I don’t have hard numbers for you, but I’m willing to be that of all the specific fixtures that feature in this Throwback Thursday series, Liverpool vs Manchester United is one of the best-represented match-ups. (Previously: here, here, here.) If it seems like I return to this particular well often, it’s only because of the lengthy— and colorful!— history between these two clubs.
This rivalry runs near its dramatic peak when both clubs are competitive in the same region of the table— especially when both are in contention for either the title or a Champions League place. Liverpool’s extended period of dominance in the 70s and 80s was lacking, perhaps, in one specific way: it correlated with a period of relative mediocrity for United. For one season, the two weren’t even in the same division.
But as the 80s drew to a close, there were signs that things were about to change.
This week we look back at the end of the 1987-88 campaign and consider the subtle shifting of sands.
For United fans, 1987-88 sticks out as the first full season with Sir Alex Ferguson in charge. Fergie was brought in in November during the previous a season to rescue a side that was lingering near the relegation places and had crashed out of the League Cup. He managed to stop the rot and guide United to an 11th place finish. The next season, his first full campaign, the Red Devils roared back into life and found themselves in contention for the title late on.
Meanwhile, Kenny Dalglish was in his third campaign as player-manager. He ended the previous season having lost the league title to Everton and his star forward, Ian Rush, to Juventus. Determined to turn things around, he brought in John Aldridge from Oxford United, whipped the team into shape, and ran into 1987-88 like gangbusters. They were top of the league for much of the campaign, and between August 1987 and February 1988 went on a 37-match unbeaten run in all competitions. This was the rampant, dominant, indisputable Liverpool of old.
Momentum and improvements notwithstanding, United came to Anfield on that sunny day in April as the underdogs. If they wanted any hope of slowing Liverpool down, they needed a win.
The visitors got off to a flying start. Bryan Robson drew first blood in the 3rd minute by finishing off a low cross from Peter Davenport.
United piled on the pressure through the rest of the first half and had more than a few chances to pad out their advantage. But they acted too slow, and Peter Beardsley equalized in the 38th minute. And just three minutes later, Gary Gillespie gave Liverpool the lead and an added bounce in their step heading into the tunnel for halftime.
Before the all the fans could get back to their spots after halftime, United plunged further down the hole when Steve McMahon hit a screamer from 25 yards.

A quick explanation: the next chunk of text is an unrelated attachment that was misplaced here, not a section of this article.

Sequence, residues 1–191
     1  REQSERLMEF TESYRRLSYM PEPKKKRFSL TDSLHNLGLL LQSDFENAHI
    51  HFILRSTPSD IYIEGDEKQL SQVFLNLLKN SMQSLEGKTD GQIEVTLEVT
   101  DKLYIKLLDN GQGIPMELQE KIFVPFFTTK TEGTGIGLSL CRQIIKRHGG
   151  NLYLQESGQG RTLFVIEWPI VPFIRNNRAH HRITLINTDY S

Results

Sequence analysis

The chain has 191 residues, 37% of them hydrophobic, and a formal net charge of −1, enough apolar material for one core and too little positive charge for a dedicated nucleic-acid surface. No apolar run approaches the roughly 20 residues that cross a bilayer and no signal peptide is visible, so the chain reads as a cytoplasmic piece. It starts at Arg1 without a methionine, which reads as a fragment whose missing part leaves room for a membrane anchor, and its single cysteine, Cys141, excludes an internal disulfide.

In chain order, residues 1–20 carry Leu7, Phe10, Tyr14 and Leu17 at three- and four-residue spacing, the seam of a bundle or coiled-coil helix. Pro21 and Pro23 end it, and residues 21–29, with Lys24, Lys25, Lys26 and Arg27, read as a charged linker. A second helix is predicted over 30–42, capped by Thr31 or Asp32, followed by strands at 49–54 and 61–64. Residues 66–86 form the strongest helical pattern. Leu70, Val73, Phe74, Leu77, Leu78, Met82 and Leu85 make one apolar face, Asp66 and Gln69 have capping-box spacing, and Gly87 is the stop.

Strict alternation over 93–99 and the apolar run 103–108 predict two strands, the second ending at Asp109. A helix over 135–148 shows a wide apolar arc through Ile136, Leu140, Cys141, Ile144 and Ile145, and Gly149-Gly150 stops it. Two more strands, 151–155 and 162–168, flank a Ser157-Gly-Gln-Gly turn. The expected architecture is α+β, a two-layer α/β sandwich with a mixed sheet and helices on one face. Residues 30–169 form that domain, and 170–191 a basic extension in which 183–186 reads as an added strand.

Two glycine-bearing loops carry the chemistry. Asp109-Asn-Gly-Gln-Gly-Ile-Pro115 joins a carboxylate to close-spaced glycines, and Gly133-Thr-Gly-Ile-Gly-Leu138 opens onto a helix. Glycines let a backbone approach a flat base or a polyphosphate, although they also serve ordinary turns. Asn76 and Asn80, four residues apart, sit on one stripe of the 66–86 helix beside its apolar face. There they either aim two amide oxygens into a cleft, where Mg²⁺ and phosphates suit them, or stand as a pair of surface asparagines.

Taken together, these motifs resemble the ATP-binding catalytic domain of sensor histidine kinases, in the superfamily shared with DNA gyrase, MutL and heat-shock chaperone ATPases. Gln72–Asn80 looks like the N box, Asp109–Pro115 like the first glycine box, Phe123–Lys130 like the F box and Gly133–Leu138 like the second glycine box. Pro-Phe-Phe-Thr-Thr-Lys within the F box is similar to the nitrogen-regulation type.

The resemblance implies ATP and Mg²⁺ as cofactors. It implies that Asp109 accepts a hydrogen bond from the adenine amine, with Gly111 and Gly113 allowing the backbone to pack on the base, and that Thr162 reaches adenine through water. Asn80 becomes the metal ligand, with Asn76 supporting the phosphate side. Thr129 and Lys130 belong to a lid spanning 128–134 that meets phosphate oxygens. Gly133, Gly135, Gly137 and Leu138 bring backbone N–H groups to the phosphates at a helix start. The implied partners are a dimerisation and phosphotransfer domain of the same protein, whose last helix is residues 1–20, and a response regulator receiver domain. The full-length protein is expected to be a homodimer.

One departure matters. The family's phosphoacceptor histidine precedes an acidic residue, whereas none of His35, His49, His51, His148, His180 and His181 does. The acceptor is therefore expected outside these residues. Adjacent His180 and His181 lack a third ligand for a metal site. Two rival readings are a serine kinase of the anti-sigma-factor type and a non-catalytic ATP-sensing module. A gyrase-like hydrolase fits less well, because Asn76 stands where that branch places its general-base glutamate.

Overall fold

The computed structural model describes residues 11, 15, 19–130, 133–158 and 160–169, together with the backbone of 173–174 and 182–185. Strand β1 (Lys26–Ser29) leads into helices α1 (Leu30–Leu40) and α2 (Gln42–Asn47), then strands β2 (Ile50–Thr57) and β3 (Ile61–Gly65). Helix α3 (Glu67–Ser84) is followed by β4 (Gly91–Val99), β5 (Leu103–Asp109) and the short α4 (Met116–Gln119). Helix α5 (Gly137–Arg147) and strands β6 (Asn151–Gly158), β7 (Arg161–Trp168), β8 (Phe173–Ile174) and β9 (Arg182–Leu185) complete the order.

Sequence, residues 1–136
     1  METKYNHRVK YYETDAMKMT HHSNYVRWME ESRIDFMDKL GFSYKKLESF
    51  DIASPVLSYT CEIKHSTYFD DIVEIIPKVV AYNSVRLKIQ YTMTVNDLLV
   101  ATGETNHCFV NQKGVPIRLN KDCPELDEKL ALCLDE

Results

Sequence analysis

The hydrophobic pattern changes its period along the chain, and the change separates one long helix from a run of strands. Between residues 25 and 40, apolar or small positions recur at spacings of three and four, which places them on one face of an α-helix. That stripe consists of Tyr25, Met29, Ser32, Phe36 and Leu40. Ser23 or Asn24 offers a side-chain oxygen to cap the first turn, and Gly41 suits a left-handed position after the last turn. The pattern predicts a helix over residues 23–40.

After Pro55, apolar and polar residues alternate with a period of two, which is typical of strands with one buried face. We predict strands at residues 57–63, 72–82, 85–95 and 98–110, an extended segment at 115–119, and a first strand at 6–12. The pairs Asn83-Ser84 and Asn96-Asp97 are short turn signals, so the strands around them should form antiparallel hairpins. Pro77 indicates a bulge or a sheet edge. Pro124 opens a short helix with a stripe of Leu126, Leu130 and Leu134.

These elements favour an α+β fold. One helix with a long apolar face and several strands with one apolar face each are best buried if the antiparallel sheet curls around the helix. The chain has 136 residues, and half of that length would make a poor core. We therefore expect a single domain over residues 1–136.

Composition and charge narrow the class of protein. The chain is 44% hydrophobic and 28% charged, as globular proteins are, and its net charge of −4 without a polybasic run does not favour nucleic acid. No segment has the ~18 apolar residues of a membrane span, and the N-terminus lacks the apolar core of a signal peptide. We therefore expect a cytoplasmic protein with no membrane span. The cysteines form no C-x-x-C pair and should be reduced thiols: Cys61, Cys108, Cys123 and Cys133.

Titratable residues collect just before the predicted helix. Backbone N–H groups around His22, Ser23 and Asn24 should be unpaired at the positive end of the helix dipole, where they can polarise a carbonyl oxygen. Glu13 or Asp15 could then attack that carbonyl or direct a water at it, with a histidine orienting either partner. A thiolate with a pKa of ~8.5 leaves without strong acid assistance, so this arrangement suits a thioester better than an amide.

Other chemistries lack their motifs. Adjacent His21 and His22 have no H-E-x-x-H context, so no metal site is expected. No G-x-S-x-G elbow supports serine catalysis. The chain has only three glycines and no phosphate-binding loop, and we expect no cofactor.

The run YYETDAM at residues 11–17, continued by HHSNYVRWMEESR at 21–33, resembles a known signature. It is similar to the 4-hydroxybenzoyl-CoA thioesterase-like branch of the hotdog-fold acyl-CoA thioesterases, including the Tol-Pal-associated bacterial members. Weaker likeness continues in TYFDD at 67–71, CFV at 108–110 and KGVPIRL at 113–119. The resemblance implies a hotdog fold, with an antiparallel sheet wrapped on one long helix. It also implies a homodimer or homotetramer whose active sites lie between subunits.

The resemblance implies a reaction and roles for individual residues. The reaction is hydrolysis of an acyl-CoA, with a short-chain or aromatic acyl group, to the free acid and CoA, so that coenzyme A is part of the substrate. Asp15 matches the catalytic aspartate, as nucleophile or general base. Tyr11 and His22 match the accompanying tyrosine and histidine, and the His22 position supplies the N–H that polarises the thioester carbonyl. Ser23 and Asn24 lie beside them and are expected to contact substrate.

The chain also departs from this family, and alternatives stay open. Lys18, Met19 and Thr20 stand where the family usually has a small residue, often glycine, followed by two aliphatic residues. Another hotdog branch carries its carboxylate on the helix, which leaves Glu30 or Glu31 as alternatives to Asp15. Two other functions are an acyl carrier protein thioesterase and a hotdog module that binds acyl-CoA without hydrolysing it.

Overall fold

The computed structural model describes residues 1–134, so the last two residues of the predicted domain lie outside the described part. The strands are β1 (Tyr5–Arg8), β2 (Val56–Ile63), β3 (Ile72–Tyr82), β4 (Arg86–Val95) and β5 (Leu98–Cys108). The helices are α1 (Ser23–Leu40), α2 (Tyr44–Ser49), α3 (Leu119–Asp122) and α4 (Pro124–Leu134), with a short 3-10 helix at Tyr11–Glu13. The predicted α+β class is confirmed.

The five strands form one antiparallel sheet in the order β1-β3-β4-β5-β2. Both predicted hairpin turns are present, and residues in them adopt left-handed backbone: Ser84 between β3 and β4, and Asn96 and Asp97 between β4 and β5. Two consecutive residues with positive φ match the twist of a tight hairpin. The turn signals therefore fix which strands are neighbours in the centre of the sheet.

And then just before the hour mark, Colin Gibson got himself sent off for an challenge.
The imperious Reds were up 3-1 at Anfield and United were down to 10 men. It truly seemed like it was all over.
But nobody bothered to tell United that.
Just seven minutes after Gibson’s red card, Robson scored his second goal thanks to a lucky deflection off of Gillespie to pull the visitors back to within one.
And then, eleven minutes later, some poor communication in the back inadvertently allowed Gordon Strachan to be played through and sent him 1-on-1 with Bruce Grobbelaar. Strachan didn’t waste his chance and, with time running out in regulation, United were level.
Liverpool managed to hold on to what they had but they couldn’t regain the lead. United left Anfield that day with a point and a hefty dose of schadenfreude.
The draw slowed Liverpool down but it couldn’t stop them. The Reds finished on top of the First Division table with 90 points, while United’s 81 points left them a distant second. Liverpool also lost the opportunity to win another double in one of the biggest FA Cup upsets in history.
But, of course, the tides were already starting to turn. Liverpool’s long reign as kings of English football would come to an end within a few years. As the Premier League era dawned, they were usurped by none other than Alex Ferguson’s United squad— a fact United fans are only too happy to remind people of.
Both of these clubs have proud legacies tarnished by their recent failures to reclaim or restore them. While both teams have only outside odds at the title, they’re both firmly in contention for Top 4 spots. All of this to raise the stakes on what is otherwise one of the biggest rivalries in the sport.
Their next meeting comes on Monday at Anfield, and both sides— and their players, and their superstar managers— will have a lot to prove. Kickoff is at 3pm EST on NBC Sports Network.